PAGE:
1. Open the DSM UI portal.

    2. Click the icon to the left of the URL in the address bar.

    3. In the dropdown list, click the Connection tab > Certificate to open the Certificate Viewer window.

    4. Click the Details tab, click Export, and save the certificate with the .pem extension locally.

      Getting Provider VM Certificate from Chrome
  • From Firefox Browser:

    1. Open DSM UI portal.

    2. Click the lock icon to the left of the URL in the address bar.

    3. Click Connection Secure > More Information.

    4. On the Security window, click View Certificate.

    5. In the Miscellaneous section, click PEM (cert) to download the CA certificate for Provider VM.

      Getting Provider VM Certificate from Firefox


Follow this procedure to install the DSM Consumption Operator.

  1. Pull the helm chart from registry and unpack it in a directory.

    helm pull oci://projects.registry.vmware.com/dsm-consumption-operator/dsm-consumption-operator --version 1.0.0 -d consumption/ --untar

    This action will pull the DSM consumption operator helm chart and untar the package in the consumption/ directory.

  2. Create a values-override.yaml file and update appropriate DSM resources, including infrastructure policies, backup locations, and so on.

    In the consumption directory, copy the values.yaml and create a new values_override.yaml file. Use the following as an example:

    imagePullSecret: registry-creds
    replicas: 1
      name: projects.registry.vmware.com/dsm-consumption-operator/consumption-operator
      tag: 1.0.0
      authSecretName: dsm-auth-creds
      # allowedInfrastructurePolicies is a mandatory field that needs to be filled with allowed infrastructure policies for the given consumption cluster
      - infra-policy-01
      # allowedBackupLocations is a mandatory field that holds a list of backup locations that can be used by database clusters created in this consumption cluster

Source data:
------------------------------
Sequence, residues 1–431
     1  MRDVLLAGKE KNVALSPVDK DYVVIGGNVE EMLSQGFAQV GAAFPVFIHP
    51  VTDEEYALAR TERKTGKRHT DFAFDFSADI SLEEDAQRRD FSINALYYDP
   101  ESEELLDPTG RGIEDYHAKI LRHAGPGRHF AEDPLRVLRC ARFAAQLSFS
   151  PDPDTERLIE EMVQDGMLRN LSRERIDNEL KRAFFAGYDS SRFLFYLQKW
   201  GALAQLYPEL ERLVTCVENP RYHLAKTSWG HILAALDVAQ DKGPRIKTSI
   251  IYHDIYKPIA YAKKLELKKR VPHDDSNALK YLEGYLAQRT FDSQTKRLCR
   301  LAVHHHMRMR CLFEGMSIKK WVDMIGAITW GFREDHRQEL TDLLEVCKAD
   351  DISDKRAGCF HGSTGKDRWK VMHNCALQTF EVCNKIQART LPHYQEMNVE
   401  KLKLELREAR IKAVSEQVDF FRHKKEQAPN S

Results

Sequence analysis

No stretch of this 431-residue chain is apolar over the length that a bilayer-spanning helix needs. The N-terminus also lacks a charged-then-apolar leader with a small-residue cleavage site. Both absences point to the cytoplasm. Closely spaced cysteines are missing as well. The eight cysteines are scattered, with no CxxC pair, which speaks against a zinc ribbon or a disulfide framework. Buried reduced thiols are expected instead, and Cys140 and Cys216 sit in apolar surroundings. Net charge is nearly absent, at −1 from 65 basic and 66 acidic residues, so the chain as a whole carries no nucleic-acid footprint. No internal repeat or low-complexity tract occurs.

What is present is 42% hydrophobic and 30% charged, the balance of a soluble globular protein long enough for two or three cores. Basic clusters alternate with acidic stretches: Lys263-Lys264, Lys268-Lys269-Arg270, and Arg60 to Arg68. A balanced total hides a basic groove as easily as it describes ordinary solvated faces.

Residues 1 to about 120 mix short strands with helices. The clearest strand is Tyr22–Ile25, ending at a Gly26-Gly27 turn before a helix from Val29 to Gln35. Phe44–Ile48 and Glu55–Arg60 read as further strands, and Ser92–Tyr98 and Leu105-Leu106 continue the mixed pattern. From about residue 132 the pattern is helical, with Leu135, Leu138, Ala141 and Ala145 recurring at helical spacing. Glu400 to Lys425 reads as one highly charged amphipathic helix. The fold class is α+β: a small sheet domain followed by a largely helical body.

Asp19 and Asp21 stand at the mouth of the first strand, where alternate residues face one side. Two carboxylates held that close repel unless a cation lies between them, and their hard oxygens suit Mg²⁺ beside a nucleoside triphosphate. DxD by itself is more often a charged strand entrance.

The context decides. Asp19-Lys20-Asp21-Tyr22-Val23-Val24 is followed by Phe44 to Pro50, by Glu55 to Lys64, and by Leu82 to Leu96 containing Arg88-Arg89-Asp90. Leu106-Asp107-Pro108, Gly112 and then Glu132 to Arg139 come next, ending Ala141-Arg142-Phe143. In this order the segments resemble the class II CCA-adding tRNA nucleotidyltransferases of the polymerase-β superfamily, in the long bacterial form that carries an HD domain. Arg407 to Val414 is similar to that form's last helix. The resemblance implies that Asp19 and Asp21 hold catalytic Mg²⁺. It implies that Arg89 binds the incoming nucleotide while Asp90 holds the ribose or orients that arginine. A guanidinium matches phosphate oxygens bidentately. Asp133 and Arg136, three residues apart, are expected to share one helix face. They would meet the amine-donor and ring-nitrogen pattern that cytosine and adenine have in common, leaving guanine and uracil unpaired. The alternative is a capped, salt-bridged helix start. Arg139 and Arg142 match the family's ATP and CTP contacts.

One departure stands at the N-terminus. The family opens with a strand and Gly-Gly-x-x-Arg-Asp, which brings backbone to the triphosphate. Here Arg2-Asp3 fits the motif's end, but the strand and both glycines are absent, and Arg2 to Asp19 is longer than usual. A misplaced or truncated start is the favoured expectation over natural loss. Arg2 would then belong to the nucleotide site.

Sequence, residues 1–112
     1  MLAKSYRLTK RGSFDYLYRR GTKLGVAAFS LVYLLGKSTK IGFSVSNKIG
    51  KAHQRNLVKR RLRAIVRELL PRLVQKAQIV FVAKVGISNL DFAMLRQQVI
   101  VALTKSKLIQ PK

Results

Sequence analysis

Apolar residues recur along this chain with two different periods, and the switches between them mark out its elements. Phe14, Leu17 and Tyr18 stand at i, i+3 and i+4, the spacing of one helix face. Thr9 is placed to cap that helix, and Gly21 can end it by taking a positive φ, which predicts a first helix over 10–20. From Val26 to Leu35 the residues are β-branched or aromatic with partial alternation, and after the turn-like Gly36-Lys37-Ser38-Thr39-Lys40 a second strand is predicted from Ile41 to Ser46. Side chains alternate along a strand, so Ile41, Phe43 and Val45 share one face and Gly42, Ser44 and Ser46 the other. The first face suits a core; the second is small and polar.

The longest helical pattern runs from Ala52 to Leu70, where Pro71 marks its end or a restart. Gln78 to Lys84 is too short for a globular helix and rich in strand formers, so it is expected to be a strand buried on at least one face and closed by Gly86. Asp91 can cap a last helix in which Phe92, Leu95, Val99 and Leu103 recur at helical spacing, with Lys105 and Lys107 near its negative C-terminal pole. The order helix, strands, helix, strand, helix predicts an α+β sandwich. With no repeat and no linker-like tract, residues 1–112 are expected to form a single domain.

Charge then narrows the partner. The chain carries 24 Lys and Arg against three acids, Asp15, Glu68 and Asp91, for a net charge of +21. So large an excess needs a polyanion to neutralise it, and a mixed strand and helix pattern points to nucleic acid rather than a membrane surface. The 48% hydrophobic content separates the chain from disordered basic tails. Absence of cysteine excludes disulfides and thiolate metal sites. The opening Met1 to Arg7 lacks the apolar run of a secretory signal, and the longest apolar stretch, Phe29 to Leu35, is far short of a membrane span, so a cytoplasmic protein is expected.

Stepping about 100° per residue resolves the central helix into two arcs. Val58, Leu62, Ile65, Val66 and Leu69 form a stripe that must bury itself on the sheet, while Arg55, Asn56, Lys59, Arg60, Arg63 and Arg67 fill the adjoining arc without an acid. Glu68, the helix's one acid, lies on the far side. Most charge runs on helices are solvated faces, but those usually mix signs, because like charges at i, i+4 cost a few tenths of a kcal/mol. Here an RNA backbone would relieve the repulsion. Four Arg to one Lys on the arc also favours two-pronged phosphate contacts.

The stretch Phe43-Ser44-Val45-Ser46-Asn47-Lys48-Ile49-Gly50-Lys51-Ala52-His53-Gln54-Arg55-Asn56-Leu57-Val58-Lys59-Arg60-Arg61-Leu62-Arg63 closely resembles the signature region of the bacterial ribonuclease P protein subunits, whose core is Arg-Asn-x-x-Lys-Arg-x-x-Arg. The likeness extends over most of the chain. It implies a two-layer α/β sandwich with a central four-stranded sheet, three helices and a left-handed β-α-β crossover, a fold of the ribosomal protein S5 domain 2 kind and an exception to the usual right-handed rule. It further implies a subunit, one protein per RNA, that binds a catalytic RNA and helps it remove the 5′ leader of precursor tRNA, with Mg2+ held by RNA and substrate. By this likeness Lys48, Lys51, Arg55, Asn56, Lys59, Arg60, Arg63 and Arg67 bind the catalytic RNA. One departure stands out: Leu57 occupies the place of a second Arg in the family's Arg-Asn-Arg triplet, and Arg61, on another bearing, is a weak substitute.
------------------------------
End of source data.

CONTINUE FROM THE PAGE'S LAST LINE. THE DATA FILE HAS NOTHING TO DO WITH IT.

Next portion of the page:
- default-backup-storage
    # consumptionClusterName is an optional name that you can provide to identify the Kubernetes cluster where the operator is deployed
    consumptionClusterName: "vcd-org-k8s-cluster"
    # psp field allows you to deploy the operator on pod security policies-enabled Kubernetes cluster.
    # Set psp.required to true and provide the ClusterRole corresponding to the restricted policy.
      required: false
      role: ""

    Note: If you are using TKG, switch psp.required to true and use psp role, for example: psp:vmware-system-restricted. For more information on TKG and PodSecurityPolicies, see Using Pod Security Policies with Tanzu Kubernetes Clusters.

  3. Create an operator namespace.

    kubectl create namespace dsm-consumption-operator-system
  4. Create a docker registry secret named registry-creds.

    This secret is needed to pull the image from the registry where the consumption operator image exists.

    The secret name should match the value in the field imagePullSecret in the values_override.yaml you created before.

    If you are directly using the default VMware Harbor distribution registry, you don't need authentication. You can simply create a registry secret using the following command, ignoring the username and password values: